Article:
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For that reason, Blanleil is expecting a busy Christmas season despite the slower sales as of late.
He believes shoppers will be lured by inventory overload deals.
“I think the next eight weeks … between now and Christmas is going to be incredibly aggressive as far as pricing,” he said.
A recent poll also suggested that shoppers would be holiday shopping a lot earlier this year as they search for the best deals they can find amidst inflation and mortgage interest hikes.
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At the Wardrobe bouttique in Kelowna–sales have slowed the past month.
SOT LAURA ANN in at 12:21 “I think people are making a little bit more deliberate shopping choices”
VO#2 Across town at the Hometown Furniture and Appliance store–a similar trend.
SOT JOE in at 15:11 “We’re seeing the traffic go down. So we have less traffic now, also. And the other thing is they’re also buying less expensive stuff too” PLUS in at 15:24 “And also people are starting to finance a little bit more”
VO#3 The locally owned and operated store now offering incentives to get shoppers in the door.
SOT in at 16:49 ” we’re offering no tax like no GST, no PST where we are absorbing the 12 percent ourselves to attract more people right And you’ll see that more and more sale items, stuff like that.”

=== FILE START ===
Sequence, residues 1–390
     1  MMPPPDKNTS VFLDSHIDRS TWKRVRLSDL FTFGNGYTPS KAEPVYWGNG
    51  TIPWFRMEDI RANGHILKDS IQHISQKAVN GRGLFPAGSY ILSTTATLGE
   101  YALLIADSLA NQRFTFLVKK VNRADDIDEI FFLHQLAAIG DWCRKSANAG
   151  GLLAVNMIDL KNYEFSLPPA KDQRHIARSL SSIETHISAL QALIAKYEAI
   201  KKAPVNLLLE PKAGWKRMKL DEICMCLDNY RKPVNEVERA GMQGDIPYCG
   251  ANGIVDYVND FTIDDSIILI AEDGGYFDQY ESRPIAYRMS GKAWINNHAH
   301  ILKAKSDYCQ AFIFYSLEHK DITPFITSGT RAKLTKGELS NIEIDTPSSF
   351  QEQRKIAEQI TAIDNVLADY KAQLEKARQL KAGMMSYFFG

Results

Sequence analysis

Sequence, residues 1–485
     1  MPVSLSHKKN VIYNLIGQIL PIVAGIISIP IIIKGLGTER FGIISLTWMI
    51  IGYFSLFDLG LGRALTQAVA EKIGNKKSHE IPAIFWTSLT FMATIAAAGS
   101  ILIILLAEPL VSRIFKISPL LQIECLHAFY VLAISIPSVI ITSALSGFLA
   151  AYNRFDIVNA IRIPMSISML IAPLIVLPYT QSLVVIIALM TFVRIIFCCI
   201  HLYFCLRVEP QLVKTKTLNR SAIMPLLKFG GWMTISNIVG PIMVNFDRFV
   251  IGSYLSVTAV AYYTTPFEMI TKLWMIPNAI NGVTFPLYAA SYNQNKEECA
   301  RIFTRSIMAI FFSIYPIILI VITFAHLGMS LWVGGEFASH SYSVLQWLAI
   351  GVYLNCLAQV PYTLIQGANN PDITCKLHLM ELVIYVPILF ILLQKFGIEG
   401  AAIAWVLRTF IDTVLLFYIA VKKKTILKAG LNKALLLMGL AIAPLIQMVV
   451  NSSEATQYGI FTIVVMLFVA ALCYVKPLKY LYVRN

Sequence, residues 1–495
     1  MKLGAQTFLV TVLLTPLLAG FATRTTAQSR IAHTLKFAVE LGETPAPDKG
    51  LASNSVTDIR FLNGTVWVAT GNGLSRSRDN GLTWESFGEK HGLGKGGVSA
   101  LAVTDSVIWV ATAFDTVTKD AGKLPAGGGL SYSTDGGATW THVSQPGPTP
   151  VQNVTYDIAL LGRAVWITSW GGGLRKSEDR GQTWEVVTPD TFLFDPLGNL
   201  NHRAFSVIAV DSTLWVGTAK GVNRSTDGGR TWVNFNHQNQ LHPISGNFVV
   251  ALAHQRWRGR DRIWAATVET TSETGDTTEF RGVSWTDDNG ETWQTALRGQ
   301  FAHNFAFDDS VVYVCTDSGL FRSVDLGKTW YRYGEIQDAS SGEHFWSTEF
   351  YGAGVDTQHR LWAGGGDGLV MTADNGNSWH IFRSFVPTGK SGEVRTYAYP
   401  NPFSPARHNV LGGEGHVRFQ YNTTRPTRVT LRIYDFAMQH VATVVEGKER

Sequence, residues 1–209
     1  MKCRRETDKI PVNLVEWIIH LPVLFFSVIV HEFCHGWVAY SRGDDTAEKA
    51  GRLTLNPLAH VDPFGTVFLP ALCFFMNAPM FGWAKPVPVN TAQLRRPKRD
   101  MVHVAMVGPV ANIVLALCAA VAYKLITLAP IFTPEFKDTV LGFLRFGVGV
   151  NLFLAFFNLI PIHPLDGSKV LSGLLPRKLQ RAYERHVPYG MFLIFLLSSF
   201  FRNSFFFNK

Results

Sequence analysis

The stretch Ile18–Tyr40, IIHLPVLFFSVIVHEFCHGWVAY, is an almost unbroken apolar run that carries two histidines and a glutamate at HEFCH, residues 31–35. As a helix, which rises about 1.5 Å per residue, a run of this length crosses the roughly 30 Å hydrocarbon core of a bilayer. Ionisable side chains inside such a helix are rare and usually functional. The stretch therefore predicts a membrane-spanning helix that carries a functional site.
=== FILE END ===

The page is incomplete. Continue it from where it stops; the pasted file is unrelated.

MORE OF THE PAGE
VO#4 Retailers believe inflation is a contibuting factor According to Statistcs Canada–inflation was 6.9 per cent in September. While that’s down from the 40 year high of 8-1 per cent in June–it’s still at a level that is expected to have a significant impact on holiday spending as people trim their costs. According to Deloitte Canada and it’s 2022 holiday retail outlook, Overall holiday spending is expected to fall by 17% this season with an average around $1,500 being spent by a household.
STAND-UP “But there is some positive news for both consumers and retailers and it has to do with the supply chain returnin to normal”
SOT ANDRE in at 1:57 “As suppliers get caught up on whether it’s fridges or stoves or TVs. Now there’s getting to be where there’s almost too much inventory. The prices get much more aggressive because of the the supply chain. ”
VO#5 At Andres Electronic Experts, owner Andre Blanleil is expecting a busy Christmas season despite the slower sales as of late. He thinks shoppers will be lured by inventory overlaod deals.
SOT in at 2:47 “I think the next eight weeks of going between now and Christmas is going to be incredibly aggressive as far as pricing”
VO#6 The Wardrobe Boutique’s owner bracing for the Christmas season
SOT in at 12:46 “I’m a little bit nervous if people do hold on to their walls a little bit more tight”
VO#7 But ready to make quick changes to meet custmers demand to benefit themselves and the shoppers.
12:30 “Luckily we are a small retailer so as we see people what their buying purchases are, we can bring more of those items in. So that makes me feel really confident about this Christmas season coming up”